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Old 07-11-21, 05:18 AM
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I’ve ridden many steel bikes that felt dead.
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Old 07-11-21, 05:26 AM
  #9  
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Originally Posted by Lazyass View Post
I have a '17 Diamondback Podium. It has a high end frameset, wind tunnel designed aero high mod carbon. Same frame their World Tour team they sponsored rode. I wanted something all modern and up to date and I had never even ridden a carbon bike.

The bike weighs nothing and it rides smoother than any steel bike I ever had. You can even flex the seat stays by hand, they're like mini shock absorbers. The first time I rode it I had to pull over and make sure I didn't lose air pressure.

Being honest with myself I have to admit it's the best bike I ever owned. But there's just something about it I don't like that I can't even put my finger on. A love/hate relationship. I'll go months without riding it, then I'll take it out and think "damn this is the ultimate bike". Then it will sit for a couple of more months. I'm trying to debate if I should have a tubular wheelset built for it which would really make it perfect for me or just put it up for sale while I can still get a decent amount of money for it.
Yup, I feel the same way about my Diamondback Podium 5 (2014, I think). Excellent frame and fork. The previous owner upgraded from FSA to an Ultegra crankset (although the 175 cranks now feel a bit long for me, as I've lost some flexibility with age, and might swap to 170 cranks).

I enjoy riding it. I just can't figure out why it doesn't grab me the same way my '89 Ironman and '93 Trek 5900 do.

Part of it is the frame geometry and my own setup. It's just enough different from the other bikes that I'm constantly fiddling with the bike fit. Top tube is a little shorter; head tube a little longer; etc. A few days ago I raised the seat post about 1/2", and swapped saddles. So now it feels a bit more natural.

I'm thinking about converting it to a TT/tri-bike, since I have the components from an early 2000s Trek TT bike with cracked frame.
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Old 07-11-21, 06:33 AM
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Well I was out yesterday on my one carbon bike. I absolutely love it. The feel is different but there is no doubt that it needs to go fast! Quite comfortable too.


Yesterday was the 8th straight day of 40-60 miles a day without a rest day. This bike carried me for another comfortable and pretty effortless 50 miles.

The "dead" feeling bike I'm dealing with is a Klein Quantum II, it's really fast but feels like a bit of a dog under me. Still trying to sort that out.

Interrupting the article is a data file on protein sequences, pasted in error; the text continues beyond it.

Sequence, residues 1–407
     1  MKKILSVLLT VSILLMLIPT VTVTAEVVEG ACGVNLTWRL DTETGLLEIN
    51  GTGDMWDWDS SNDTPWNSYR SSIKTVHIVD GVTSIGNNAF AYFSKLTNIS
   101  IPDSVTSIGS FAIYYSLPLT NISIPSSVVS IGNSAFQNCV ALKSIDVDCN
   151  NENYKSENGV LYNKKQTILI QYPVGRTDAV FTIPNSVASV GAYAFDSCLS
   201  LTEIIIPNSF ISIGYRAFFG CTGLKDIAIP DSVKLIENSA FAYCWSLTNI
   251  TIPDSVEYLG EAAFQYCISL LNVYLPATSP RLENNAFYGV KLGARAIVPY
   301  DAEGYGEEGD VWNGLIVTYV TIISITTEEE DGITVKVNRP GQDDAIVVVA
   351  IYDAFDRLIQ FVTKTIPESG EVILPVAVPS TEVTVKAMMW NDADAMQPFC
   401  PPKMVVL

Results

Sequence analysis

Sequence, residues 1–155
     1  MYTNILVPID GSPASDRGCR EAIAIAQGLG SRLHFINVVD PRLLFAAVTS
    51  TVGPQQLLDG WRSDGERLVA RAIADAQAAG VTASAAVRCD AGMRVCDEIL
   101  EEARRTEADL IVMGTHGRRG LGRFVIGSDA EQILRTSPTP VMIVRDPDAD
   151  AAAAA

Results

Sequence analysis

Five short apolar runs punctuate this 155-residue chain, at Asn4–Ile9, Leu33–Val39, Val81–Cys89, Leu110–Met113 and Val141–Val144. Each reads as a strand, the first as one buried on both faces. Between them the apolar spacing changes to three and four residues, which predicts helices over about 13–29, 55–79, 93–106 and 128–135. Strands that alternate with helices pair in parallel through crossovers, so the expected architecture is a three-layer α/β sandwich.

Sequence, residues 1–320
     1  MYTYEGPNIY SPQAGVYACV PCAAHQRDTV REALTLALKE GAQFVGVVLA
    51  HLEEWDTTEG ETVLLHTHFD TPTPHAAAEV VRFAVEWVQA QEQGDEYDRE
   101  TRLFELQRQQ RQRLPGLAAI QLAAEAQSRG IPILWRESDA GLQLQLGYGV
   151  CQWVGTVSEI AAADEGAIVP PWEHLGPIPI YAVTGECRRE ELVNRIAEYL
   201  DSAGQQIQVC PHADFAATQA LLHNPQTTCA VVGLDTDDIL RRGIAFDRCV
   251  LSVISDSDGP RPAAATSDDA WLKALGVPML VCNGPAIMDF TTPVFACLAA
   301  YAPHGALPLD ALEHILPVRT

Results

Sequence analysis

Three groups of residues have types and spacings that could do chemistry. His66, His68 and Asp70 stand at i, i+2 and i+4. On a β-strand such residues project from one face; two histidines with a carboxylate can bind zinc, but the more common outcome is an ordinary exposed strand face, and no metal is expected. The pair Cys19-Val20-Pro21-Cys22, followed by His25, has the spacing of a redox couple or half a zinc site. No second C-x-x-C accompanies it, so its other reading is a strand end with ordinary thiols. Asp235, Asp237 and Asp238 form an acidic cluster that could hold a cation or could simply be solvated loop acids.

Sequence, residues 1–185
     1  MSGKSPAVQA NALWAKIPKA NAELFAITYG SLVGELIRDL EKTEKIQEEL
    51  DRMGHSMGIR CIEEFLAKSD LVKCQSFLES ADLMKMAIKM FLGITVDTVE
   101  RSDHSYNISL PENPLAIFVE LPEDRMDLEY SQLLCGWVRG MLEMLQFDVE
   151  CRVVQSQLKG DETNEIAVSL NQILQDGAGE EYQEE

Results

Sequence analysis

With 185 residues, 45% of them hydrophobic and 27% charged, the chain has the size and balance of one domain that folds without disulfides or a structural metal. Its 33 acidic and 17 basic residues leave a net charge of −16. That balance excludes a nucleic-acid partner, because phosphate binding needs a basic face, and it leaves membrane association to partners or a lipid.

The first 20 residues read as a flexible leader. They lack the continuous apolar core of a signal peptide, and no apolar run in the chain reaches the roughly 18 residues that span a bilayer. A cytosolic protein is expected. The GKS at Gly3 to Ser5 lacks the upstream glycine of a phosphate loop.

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Old 07-11-21, 07:12 AM
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Originally Posted by G.Varela View Post
I don't know, what do you guys think?
My bikes never shut up.

"I don't want to go up that hill."

"Can't we just stop at a cafe instead?"

"It's too cold."

"It's too hot."

"It's too early."

Thankfully I never listen to them.
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Old 07-11-21, 07:39 AM
  #12  
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Originally Posted by G.Varela View Post
I never ride it. It just feels dead to me, no feed back, it doesn't talk like steel. I don't know, what do you guys think?
not all steel frames are equal and neither are carbon fibre frames either.
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Old 07-11-21, 07:51 AM
  #13  
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Originally Posted by G.Varela View Post
I never ride it. It just feels dead to me, no feed back, it doesn't talk like steel. I don't know, what do you guys think?
I think you need to add details.
What carbon bike do you own and not like riding ??

I like diff frame materials and styles of bikes, especially road including SS and gravel rides.
My ride choice often depends on my mood and energy level which will also lead to my route choice.
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Old 07-11-21, 07:52 AM
  #14  
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I built up a 2009 Fuji SST a few years ago, and I love it. Full carbon fork, aero mast-style seatpost, 53/39 10s, won't fit anything bigger than 23c. It's a crazy beast, but I consciously think about how much I love it every time I'm on it. Not sure if I even compare it to my other bikes, which include older and newer steel and aluminum. It's just wild, N+1 at its best! I will say there seems to be a conventional wisdom, particularly in gravel, C&V, and MTB'ing that overall weight really isn't that important, but I think it 100% is, and I say that as someone who has this Fuji, which weighs in at around 19lbs without even trying at all, but also as someone who has a few porkers in the 30+ range, and more reasonable riders in the 22-28 lb range. Obviously there's the climbing, but I think in general over the course of longer rides you really come to appreciate the lack of weight underneath you. Feels like less of a slog at the end, I guess.
Fuji SST by Eat More Plants1, on Flickr
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Old 07-11-21, 08:05 AM
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My folk theory about bike weight is in terms of ranges. More than 30#, all kinda feels the same to me (heavy but stable). Between 30 and 25#, I really can’t tell the difference between them, though they certainly are more agile than the heavy ones. Less than 25# is best, usually quite a difference in climbing. My favorite riders are all around 20-22#. I’ve had a few sub 20# bikes, including a Ti bike, and that one felt quite dead. So it’s not just the weight or the material, but geometry, wheels, other components, my fitness level, etc.
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Old 07-11-21, 08:30 AM